Blue Ribbon Cherry Tart Recipe

Cherry Tart What to do when the cherry tree in your back yard—the one that hasn’t had a good crop of cherries in years—suddenly has a bumper crop of the smallest, tartest cherries you’ve ever tasted? You can do what I did, and wait until the cherries are absolutely ripe, and then pick as many as you can. After pitting them (a cherry pitter is the only single-use gadget I allow in my kitchen!) they freeze well for later use. When you’re ready to use them, simply take the container out of the freezer and let them defrost overnight or all day in the refrigerator. The cherries will have macerated in their own juice. Once drained they’re perfect for this tart or any cherry pie—not too wet. But don’t throw out that precious juice! Use it to make a delicious cherry glaze that will make this tart sparkle.

The beauty of this recipe is that all of the components are prepared separately. Once combined, the layer of chocolate will prevent the pastry cream from making the crust soggy. It’s this contrast of flavors and textures of flaky crust, smooth sweet pastry cream and tart cherries that make this a winner.

This tart is based on several different recipes, combining the best attributes of all of them. For the crust, you can use any sweetened, enriched pie crust recipe (for heaven’s sake, please don’t use a store-bought crust). The vodka or gin (you can use any neutral grain spirit) is the secret for making the flakiest crust—it provides the moisture necessary for rolling out the dough, but it evaporates quickly in the oven, leaving no detectable alcohol or flavor. The recipe adapts well to any berry; try strawberries, blueberries, or raspberries.

Download the printable recipe here, or continue reading for the online version.

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Bread sculptures (1999-2000)

Bread house, © 1999 J. Thomson All rights reserved

During the Fall semester of 1999 I submitted this house sculpture made entirely out of bread for a critique and an exhibit of student work. It garnered high praise in the critique for its quiet, yet subversive quality, especially since I was a glass student and this had nothing to do with glass. To create it, I commissioned a metal sculptor to create a sturdy steel mold for this piece, so I could reproduce it at will. It takes about 3 lbs of bread dough (or about 3 times the size of a normal loaf). I showed the sculpture on a pedestal made of old bricks (context!) and allowed the bread to slowly mold and decay during the run of the show. It was like a slow performance (this photo was taken early in the run). By the end of the exhibit, the house had begun to warp in on itself as it dried out, and was consumed by mold on the inside.

Bolstered by the positive response, I became obsessed during the winter break with bread making. I made hundreds of loaves of all kinds. I’d never baked before, but I taught myself how, and I baked most of the bread in annealing ovens in the glass shop, or in the large gas kilns in the ceramics studio.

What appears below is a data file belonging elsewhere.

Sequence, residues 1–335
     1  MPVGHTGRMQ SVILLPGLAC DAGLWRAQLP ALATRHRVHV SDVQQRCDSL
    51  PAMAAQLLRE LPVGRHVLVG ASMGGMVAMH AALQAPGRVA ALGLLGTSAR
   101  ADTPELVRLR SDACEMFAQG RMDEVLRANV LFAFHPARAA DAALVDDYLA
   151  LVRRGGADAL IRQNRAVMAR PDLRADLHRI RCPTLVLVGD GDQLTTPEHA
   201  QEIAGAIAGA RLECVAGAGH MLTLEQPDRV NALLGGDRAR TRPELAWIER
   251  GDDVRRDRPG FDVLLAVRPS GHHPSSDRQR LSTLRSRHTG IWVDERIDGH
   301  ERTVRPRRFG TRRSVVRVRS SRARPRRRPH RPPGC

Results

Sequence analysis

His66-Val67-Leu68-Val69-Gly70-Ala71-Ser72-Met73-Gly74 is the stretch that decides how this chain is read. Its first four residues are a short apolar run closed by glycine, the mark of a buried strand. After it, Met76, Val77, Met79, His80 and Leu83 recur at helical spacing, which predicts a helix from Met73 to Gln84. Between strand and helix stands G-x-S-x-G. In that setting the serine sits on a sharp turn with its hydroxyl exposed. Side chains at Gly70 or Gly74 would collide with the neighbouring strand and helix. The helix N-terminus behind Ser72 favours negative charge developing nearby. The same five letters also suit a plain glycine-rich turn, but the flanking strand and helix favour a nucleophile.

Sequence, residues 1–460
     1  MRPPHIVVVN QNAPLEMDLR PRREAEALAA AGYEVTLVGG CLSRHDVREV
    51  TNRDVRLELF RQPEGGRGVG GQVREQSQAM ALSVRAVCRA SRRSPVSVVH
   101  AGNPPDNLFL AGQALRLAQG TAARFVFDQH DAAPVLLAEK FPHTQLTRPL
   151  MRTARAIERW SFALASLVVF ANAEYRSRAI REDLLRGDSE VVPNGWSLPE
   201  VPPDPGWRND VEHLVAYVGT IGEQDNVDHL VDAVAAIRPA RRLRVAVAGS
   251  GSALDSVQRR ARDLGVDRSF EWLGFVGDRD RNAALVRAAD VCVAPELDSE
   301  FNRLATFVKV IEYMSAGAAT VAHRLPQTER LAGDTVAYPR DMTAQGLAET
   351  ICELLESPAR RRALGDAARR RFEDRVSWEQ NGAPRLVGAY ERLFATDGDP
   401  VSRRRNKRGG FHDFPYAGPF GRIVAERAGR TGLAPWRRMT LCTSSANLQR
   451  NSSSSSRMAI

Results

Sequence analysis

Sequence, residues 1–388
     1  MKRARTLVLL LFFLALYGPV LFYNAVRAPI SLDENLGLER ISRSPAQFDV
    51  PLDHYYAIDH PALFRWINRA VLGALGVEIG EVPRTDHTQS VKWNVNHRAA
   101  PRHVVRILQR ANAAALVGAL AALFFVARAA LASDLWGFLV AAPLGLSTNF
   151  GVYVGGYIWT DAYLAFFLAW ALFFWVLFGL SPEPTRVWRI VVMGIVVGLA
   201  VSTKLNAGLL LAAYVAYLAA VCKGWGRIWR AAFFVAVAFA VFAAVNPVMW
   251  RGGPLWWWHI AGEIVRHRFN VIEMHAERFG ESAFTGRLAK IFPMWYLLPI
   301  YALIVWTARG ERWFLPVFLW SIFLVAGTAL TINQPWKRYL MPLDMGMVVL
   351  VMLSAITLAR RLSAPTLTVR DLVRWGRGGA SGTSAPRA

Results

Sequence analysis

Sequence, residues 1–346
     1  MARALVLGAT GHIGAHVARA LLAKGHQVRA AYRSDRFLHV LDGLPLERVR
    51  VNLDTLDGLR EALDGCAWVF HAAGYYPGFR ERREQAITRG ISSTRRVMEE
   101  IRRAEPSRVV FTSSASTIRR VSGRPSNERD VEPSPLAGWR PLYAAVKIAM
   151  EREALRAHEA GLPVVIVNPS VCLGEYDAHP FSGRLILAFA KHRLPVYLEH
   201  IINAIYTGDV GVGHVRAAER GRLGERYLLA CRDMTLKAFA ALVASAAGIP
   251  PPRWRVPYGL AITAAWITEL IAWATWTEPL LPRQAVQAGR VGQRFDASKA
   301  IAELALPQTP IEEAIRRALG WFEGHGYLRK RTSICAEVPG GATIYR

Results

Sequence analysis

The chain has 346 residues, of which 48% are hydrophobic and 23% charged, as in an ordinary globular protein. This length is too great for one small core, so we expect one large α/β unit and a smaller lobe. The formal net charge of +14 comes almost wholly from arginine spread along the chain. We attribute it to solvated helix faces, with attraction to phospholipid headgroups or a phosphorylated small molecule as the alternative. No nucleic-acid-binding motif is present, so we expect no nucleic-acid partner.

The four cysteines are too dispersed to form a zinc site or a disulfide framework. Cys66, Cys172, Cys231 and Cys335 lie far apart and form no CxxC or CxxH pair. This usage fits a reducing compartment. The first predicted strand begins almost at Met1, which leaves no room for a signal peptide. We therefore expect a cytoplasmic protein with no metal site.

I even tried making life-size bread chairs. For my first go at it, I fabricated a steel mold of a life sized three-dimensional chair. I kneaded about 50 pounds of bread dough using the clay mixer in the ceramics department, and loaded my chair into the large gas kiln. Everyone around kept following the scent of fresh bread baking into the kiln room. I wish I had thought to take pictures of the process. Unfortunately, that first chair was a complete failure. When I got it back to my studio after it was baked, and unmolded it, it was so heavy that it couldn’t stand its own weight and collapsed within a minute or two. It was such a challenge just to knead all that dough, and load the mold into the kiln I decided a different approach was kneaded (sorry, couldn’t resist the pun).

My next try was more successful. I found two old diner chairs in the dumpster, and stripped all the upholstery and padding away. After a few modifications, I was able to “upholster” the two chairs with bread dough. I loaded them into the glass annealing ovens this time (better control over temperature than the gas fired ceramics kiln) and baked them. Although the weight of the dough pulled the back off of one, it actually is more interesting because it lets the viewer see how they are made.

Bread Chairs, © 1999 J. Thomson All rights reserved

These pieces too were well received in critiques, and I decided to focus on my theme of “subverted domesticity” for my final semester in graduate school. Although I did abandon bread for the final exhibits, I did enjoy doing it and learned a lot during the process. And of course, I am still an avid baker at home today, but I usually eat the results now.

Cherry Cobbler Recipe

Cherry Cobbler

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Whole Wheat Bread Recipe

Loaves of fresh-baked whole wheat bread

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Reindeer Poops Cookies Recipe

I affectionately call these hearty oatmeal cookies “Reindeer Poops” because of the way they look. They are surprisingly delicious, and very filling. You can make them freehand for a rougher look, or use a small measuring cup to form the dough into a more uniform shape; they won’t change shape in the oven. To dress them up even more, drizzle the tops of the baked cookies with melted chocolate. I forget where I found the original recipe, but I changed it so much this one may as well be original. Continue reading